The Choir of Merton College, Oxford, has released a series of thematic albums that depart in several ways from the common run of British collegiate choral products. The first is the willingness of the choir to depart from a pristine sound and to build tension through the judicious application of what Astor Piazzolla once called mud. Committed fans of John Tavener may well find the choir's recording of Two Hymns to the Mother of God (tracks 12 and 13) worth the price of admission in itself. The second novelty is the application of the Christmas programming concept of combining contemporary and Renaissance material to other Christian themes. The Choir of Merton College is of course not the first group to do this, but the idea has been worked out unusually well here: there are newly commissioned pieces about Mary, all of them from female composers and displaying a fascinating variety of perspectives, and the choir's pair of conductors are seemingly given the chance to follow their own leads. The focus is naturally on the newer music, but the version of Byrd's Salve Regina led by veteran conductor Peter Phillips seems to stand at the center of the whole program. The emotional involvement of the young singers in the music provides an X factor in the album's favor, as does the deep familiarity of the performers and the engineers of the British audiophile label Delphian with the sound environment of the group's home base, Merton College Chapel. An unusually satisfying British choral release.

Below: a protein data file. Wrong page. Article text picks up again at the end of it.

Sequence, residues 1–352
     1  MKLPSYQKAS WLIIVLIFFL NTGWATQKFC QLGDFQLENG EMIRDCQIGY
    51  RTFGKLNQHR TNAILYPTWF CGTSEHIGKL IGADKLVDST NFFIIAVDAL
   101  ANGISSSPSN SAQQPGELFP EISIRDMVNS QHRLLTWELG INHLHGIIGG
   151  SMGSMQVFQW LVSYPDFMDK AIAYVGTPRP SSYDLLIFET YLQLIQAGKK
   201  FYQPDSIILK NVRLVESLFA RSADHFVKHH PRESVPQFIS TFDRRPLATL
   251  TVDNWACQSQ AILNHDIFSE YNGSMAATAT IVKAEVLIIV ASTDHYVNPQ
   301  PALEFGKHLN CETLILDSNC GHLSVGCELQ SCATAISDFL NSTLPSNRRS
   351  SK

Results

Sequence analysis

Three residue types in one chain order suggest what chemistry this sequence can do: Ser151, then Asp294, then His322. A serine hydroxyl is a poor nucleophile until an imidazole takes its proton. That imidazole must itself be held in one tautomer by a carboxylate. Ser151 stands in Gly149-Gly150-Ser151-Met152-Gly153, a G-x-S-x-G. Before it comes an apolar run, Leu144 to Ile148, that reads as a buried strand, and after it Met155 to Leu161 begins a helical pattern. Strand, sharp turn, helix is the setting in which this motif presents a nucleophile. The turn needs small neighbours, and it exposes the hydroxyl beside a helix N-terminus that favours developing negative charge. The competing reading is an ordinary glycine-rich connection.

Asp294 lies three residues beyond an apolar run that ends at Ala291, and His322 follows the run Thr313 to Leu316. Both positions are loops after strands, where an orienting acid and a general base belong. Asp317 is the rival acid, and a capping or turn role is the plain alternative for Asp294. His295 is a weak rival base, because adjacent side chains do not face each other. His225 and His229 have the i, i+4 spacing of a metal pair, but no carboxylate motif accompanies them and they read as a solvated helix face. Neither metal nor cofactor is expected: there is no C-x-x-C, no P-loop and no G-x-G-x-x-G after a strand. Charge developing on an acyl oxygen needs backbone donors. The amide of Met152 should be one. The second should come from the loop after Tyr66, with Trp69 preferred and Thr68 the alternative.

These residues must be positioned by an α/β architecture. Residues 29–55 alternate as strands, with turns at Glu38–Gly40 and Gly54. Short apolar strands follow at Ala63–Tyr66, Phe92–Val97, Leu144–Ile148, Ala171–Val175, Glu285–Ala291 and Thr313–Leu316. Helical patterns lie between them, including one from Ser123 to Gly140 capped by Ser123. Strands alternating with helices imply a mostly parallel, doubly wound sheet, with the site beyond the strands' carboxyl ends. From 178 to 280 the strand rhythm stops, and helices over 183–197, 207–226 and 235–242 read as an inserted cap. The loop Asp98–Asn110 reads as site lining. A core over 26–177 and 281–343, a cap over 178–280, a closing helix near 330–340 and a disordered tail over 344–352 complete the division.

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AllMusic Review by James Manheim
|The Veil of the Temple|
|Hymns to the Mother of God|